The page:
One of the challenges of conflict is that creative teams or workplaces are often fully engulfed long before they’re even aware something’s happening. Therefore, a crucial first step in dealing with conflict is to simply recognize the signs it may be occurring. This is easier than it sounds, but it’s critical because the earlier an emerging conflict can be detected, the sooner steps can be taken to resolve or manage the issue(s) effectively and prevent further harm.
There are four categories of warning signs: emotional, physical, behavioural, and relational. Think of these as concentric circles spiraling outwards from within and progressively manifesting externally if unnoticed or left unchecked. Each successive set of indicators, if ignored, inevitably leads to the next level, with ever-increasing consequences. It’s like your cat trying to tell you it’s feeding time, going to greater lengths to get your attention, only it’s not funny (and hopefully will never wind up on YouTube).
Let’s examine what each of these sets of signals mean and why they happen. The analysis can provide useful insight into the individuals involved in a conflict at a personal level. In observing and interpreting the warnings we can apply the knowledge not only to ourselves but also to others (namely, our colleagues) and take appropriate, timely action.
The first indications of a problem in a working relationship are internal: our emotions. Feelings are a reliable barometer that things aren’t OK. If my normal state is one of comfort, happiness, relaxation, engagement, calm, and/or contentment, then it’s easy to tell when I move away from that baseline. I can usually identify or describe any uncomfortable feelings I’m having. When trouble is brewing between myself and another person, this discomfort is going to be the first sign that all is not quite right. We may have a conflict, which itself is simply a signal that something needs to change, occurring when something we care about is about to be affected in some way. Time to pay attention!
Feelings will, of course, vary according to each individual involved and each situation. For example, a situation that might seem humorous when it happens to someone else is usually not so amusing when it happens to you. The intensity of the feeling might also vary from one instance to the next. You might feel confused by multiple feelings occurring simultaneously. The range of possible emotional reactions is virtually limitless; there is no definitive feeling or combination of feelings. The bottom line is that any emotions at all outside the normal comfort range are probably a warning.
As such these feelings should not be ignored or repressed. Some find it easy to overlook them because society prefers that we avoid expressing unpleasant feelings. We may downplay what’s going on inside when we experience them; we put on a brave face and say everything is “fine” when we know it’s not. Whether or not you choose to divulge them, it’s important to recognize that these feelings are a kind of internal gauge of whether or not the person you are dealing with, or the situation you are in, is psychologically healthy and safe. They’re like the VU (volume unit) meters on a mixing board: when they’re pushing into the red zone, you know the signal is “clipping” and you need to do something because unwanted noise and distortion are being introduced into the signal. If your emotional VU meter is tipping into the red when you are with a particular person or in an uncomfortable situation, that’s your signal to act.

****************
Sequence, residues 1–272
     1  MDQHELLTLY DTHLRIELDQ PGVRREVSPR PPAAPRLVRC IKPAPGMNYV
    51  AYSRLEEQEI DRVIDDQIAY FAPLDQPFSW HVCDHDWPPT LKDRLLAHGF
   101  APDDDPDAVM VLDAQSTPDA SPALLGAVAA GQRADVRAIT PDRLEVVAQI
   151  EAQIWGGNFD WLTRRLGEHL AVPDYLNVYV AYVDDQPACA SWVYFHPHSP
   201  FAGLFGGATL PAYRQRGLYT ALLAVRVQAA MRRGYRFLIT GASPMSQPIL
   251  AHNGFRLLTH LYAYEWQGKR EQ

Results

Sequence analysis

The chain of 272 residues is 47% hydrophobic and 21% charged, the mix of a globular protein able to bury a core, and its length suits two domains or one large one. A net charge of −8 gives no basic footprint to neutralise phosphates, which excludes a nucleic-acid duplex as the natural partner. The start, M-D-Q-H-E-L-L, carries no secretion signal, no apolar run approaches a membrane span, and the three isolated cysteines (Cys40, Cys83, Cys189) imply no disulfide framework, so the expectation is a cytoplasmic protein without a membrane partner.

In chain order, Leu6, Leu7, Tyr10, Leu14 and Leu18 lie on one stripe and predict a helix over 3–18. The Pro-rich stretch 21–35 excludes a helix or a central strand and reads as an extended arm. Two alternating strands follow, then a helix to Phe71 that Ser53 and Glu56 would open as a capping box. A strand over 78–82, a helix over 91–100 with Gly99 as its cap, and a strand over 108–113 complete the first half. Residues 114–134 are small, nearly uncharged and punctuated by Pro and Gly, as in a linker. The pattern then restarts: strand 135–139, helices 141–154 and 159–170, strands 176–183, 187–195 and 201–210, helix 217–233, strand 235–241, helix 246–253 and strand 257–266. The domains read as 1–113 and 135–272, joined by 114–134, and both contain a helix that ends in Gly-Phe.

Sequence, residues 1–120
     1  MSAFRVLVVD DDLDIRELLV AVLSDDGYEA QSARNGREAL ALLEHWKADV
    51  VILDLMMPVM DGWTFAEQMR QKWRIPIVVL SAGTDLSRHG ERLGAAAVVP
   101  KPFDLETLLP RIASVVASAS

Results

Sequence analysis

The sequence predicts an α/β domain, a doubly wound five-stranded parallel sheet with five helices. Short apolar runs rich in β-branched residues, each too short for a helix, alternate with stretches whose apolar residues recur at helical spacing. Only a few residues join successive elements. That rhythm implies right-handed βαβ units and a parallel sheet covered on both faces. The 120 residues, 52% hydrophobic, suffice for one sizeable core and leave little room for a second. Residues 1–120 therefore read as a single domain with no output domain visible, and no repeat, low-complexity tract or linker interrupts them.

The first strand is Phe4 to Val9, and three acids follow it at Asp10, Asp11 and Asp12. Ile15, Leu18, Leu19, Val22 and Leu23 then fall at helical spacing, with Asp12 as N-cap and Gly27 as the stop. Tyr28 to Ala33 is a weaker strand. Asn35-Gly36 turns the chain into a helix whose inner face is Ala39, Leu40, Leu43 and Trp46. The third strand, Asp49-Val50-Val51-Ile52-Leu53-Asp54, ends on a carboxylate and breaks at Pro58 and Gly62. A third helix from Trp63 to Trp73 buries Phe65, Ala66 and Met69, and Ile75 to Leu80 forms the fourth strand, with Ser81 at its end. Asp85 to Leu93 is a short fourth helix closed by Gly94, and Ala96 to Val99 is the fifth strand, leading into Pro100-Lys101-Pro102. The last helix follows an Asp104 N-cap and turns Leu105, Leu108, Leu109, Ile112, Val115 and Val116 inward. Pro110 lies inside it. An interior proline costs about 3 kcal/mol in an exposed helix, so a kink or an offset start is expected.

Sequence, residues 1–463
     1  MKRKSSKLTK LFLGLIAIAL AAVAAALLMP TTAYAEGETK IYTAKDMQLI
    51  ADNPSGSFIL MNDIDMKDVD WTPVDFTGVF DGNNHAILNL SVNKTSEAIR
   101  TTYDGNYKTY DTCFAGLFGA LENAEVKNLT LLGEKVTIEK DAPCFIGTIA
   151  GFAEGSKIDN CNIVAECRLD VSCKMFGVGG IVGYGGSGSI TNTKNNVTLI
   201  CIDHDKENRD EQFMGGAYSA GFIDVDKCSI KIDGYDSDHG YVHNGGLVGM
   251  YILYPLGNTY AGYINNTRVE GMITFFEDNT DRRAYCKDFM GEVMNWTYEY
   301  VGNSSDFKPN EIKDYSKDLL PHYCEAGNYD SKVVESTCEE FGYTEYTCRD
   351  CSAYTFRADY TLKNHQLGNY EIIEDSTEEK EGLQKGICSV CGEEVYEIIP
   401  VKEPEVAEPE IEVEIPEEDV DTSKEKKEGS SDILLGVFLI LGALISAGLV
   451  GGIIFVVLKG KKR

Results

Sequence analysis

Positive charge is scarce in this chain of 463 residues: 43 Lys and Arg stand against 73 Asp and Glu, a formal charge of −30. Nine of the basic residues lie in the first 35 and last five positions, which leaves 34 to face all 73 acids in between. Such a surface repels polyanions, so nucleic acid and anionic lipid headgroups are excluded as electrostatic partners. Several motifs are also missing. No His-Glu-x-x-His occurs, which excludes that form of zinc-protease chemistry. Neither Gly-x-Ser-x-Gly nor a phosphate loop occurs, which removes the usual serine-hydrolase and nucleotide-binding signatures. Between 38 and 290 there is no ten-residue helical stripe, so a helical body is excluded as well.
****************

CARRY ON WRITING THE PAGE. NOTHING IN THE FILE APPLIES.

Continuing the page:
Sometimes this means temporarily stepping away from the person or situation causing the discomfort, taking a time-out, and putting some physical or emotional distance between you. That may be all you need for your feelings barometer to return to its baseline and to once again feel calm, relaxed, engaged, happy, or whatever your normal state happens to be. If that’s genuinely the case — after a good night’s sleep the discomfort is truly gone and not merely repressed— then you may not actually have conflict. But if the feelings persist, it could mean there is a problem between you and that other person. Avoidance or masking feelings with food, distractions or addictions won’t help. Trying to “rise above” or “be professional” about the uncomfortable situation are among the countless ways to cope with unpleasant feelings. But when there is a genuine conflict between two or more people—one in which the relationship is being challenged (if not damaged) in some way—then the feelings are not going to go away on their own.
If the emotional warning signs continue unheeded, another natural protective mechanism kicks in. The manifestation of physical symptoms is your mind and body’s way of issuing a more urgent set of signals that are more difficult to ignore.
Again, everyone will experience physical warning signs of conflict differently, but some are quite common. There are those that seem trivial, such as nervousness or sweaty palms. Others are more noticeable and worrisome, for example, difficulty in sleeping. Depending on the individual, the opposite may also be true: you may find that you begin to sleep more than usual, either as a way of avoiding the conflict or recovering from the stress and anxiety it brings. These are two opposite but equally valid physical signs that are more evident than emotions, precisely because they affect not only your mind but your body. Frequent headaches can be among the common physical warning signs of conflict, as are subconscious activities like smoking, eating, or drinking more than usual. These strategies provide bodily sensations to mask the unpleasant emotions we may be experiencing, if only temporarily. (Here the standard disclaimers apply: always check with your doctor if you’re experiencing physical symptoms of any kind; there may be other physiological causes that should be ruled out.)